Br. Yusha Evans gives the Eid al Adha 1440/2019 khutbah and reminds us the importance of following what Allah says even if it is hard or difficult citing the example of the story of Prophet Ibrahim (alyhisalam).
Referring to the Israelites in Surah Al-Baqarah, Allah stresses that like them, we are in real danger that our hearts will harden even though the Quran is in our hands and we recite it in prayer. In the same surah, Allah teaches us how to protect our hearts from this, first by maintaining a deep connection with our creator, which in turn will improve our relationships with close family; then by always speaking well of people, followed by establishing the prayer and finally giving zakat. Salat is the means by which our worship of Allah and goodness to others is reinforced. The consequences of a hardened heart are grave, leading to a strong warning from Allah in ayah 85 against those who believe in some parts of His book and choose to deny or ignore others, if it doesn’t serve their interests. The compensation for such extremists on both sides (those obsessed with the superficial aspects of religion or those who fail to observe even the most basic rites) is humiliation in this life and the worst of jahannam in the afterlife. Such behavior damages the Ummah at large because it makes Islam itself appear contradictory.
Shaykha Muslema Purmul discusses the components of our faith-based “moral compass” to help navigate our life goals and activities for living a serene life and reaching our final destination successfully. What are the limits and boundaries we should be aware of whenever we are at a crossroads so we will do not lose direction?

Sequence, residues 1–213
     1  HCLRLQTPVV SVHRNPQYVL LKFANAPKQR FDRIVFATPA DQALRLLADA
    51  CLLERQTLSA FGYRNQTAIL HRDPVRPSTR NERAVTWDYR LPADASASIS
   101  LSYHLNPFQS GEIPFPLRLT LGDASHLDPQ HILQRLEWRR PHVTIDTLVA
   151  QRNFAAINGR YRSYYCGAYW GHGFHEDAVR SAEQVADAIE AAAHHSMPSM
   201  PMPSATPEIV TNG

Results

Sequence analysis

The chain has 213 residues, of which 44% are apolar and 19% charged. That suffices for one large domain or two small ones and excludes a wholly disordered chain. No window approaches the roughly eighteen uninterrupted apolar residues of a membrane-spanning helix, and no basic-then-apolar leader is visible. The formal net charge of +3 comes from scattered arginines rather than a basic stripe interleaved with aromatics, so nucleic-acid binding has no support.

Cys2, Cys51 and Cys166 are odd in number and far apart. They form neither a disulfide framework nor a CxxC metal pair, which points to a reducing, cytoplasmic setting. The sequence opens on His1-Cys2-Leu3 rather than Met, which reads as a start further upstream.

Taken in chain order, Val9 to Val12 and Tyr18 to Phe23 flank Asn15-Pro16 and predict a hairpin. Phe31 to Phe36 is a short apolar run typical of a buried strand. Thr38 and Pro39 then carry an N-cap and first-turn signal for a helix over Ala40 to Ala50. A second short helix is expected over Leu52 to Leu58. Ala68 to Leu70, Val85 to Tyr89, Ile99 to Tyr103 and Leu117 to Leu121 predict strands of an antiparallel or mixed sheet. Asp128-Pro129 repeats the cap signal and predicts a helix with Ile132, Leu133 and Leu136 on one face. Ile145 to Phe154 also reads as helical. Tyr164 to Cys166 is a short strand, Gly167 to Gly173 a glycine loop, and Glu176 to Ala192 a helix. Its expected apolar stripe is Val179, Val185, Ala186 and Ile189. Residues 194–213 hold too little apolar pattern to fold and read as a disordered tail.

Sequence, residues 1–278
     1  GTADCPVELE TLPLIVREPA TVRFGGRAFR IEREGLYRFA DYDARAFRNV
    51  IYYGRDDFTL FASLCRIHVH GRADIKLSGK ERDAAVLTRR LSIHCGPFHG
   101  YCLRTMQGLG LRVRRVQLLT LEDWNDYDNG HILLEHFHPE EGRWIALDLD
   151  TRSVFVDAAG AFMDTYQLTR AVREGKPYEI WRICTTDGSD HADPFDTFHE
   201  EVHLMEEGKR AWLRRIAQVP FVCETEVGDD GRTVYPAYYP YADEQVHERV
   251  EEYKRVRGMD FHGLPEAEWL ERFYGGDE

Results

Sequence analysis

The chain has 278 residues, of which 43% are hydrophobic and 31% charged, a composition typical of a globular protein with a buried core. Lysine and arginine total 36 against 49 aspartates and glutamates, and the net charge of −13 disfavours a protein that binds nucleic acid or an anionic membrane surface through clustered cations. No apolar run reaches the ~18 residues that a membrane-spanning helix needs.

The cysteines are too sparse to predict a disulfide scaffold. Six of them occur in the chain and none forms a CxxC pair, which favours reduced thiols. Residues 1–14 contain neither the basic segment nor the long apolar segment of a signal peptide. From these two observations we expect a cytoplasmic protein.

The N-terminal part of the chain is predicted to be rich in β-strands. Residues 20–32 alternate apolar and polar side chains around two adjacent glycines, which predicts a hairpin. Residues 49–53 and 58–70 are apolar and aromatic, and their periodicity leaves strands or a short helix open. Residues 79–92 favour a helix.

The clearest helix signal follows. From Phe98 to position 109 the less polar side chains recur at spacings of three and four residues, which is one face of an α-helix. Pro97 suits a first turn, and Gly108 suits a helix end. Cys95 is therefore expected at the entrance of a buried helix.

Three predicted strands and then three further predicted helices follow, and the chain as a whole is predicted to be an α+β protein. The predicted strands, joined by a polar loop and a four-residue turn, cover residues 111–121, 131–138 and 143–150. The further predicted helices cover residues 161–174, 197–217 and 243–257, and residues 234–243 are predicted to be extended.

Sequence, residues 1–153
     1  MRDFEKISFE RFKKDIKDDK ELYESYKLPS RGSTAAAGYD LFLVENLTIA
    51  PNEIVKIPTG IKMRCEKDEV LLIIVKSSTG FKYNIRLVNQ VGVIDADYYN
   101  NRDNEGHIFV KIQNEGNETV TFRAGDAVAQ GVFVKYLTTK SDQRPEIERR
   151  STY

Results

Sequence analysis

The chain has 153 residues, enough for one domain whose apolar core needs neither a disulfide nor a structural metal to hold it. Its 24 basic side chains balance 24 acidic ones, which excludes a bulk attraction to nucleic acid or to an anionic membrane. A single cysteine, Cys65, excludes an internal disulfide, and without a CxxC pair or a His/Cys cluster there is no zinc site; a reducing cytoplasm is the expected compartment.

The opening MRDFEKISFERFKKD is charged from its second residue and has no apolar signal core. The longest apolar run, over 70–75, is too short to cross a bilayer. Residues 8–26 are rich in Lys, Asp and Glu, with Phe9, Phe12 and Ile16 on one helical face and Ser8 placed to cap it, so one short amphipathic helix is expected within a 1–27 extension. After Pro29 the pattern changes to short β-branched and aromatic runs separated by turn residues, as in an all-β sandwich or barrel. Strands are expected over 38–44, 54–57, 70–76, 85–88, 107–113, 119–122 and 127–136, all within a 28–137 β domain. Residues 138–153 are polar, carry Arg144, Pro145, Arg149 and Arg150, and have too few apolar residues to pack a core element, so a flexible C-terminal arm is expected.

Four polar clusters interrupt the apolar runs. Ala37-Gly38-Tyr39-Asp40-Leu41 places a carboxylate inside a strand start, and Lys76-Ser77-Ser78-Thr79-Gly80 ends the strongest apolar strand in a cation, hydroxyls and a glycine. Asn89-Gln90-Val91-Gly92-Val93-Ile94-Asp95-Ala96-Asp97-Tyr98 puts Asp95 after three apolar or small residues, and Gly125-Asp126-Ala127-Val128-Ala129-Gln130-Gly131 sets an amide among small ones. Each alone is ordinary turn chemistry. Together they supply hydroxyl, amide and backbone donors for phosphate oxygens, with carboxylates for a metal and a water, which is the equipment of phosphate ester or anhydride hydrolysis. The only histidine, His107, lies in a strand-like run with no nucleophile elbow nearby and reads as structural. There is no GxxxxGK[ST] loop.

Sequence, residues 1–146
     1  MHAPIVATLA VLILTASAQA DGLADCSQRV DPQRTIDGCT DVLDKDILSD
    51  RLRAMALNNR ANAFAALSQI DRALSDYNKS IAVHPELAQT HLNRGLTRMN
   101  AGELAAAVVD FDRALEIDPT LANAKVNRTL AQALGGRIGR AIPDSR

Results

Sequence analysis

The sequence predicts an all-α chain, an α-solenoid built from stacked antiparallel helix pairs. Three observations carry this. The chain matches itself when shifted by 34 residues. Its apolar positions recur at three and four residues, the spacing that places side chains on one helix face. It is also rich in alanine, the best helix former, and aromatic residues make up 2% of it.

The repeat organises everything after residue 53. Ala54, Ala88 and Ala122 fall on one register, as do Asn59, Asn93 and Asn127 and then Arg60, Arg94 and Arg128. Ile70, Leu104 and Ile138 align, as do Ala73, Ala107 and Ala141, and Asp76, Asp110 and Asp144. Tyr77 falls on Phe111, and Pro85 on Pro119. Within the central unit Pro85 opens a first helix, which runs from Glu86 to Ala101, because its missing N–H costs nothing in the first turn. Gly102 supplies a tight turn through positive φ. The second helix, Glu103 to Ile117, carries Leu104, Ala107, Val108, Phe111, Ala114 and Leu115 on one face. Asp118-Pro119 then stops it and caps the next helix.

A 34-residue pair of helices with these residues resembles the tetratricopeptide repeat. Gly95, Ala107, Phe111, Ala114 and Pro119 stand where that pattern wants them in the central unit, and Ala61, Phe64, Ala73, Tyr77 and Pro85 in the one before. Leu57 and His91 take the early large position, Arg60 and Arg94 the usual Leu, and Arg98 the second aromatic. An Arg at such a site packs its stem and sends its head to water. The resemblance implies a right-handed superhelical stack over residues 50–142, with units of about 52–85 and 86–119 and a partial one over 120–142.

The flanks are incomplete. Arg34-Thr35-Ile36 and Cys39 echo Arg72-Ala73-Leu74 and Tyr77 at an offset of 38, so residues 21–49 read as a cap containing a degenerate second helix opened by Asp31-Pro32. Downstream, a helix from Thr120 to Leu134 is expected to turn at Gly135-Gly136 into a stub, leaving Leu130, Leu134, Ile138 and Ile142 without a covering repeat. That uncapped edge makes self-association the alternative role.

We do not realize this but being a believer in Allah and a follower of a Prophet Muhammad (peace and blessings of Allah be upon him) is a tremendous blessing. We often take it for granted and do not realize the blessing of being a Muslim. Shaykh AbdulBary Yahya explains.
With worldwide chaos and tribulation and increasing attacks on the foundations of religion itself, it is not surprising to hear of a crisis of faith—we may be having doubts ourselves. Is faith naturally congruent with our intellect or does skepticism and introspection erode it? How do we develop strength in our faith that brings us into harmony with the world around us?
Discussing and answering the questions: Why should I believe that Allah (SWT) created me? Why should I choose to worship Allah (SWT) over everything else? Why should I place my faith in Him? How do I find myself, my purpose, my goals through worshiping Allah?
As Muslims, it is not enough to say “We are Muslims because we are born Muslims” or “We are Muslim because that’s what our family practices.” Islam truly is a complete way of life that gives us the roadmap to integrate god-consciousness into everything we do.
Imam Zaid Shakir discusses in this profound sermon recent insults upon the Prophets (peace be upon them), satanic forces tearing apart families and society as a whole. This sermon was delivered at the Muslim Community Center – East Bay (MCC East Bay) in Pleasanton, California on Friday, March 23, 2018.
What are the signs and traits of those who believe in Allah and His Messenger Muhammad, peace and blessings of Allah be upon him? Shaykh Abdul Karim Yahya explains the answers to this question. Lecture delivered in Gallipoli Mosque, Sydney, Australia.
Who was Bilal ibn Rabah? As the country celebrates Black History Month, and Bilal: A New Breed of Hero, hits theaters all around, we look into the full biography of a man who has inspired millions with his unshakeable faith and determination.
Being a Muslim doesn’t mean you only do the rituals and forget about those around you. Islam is about living your life in a way that also leads to the betterment of society. One way to increase your spirituality is through standing up for justice. The Prophet is our example of someone who practiced spiritual development through civic engagement.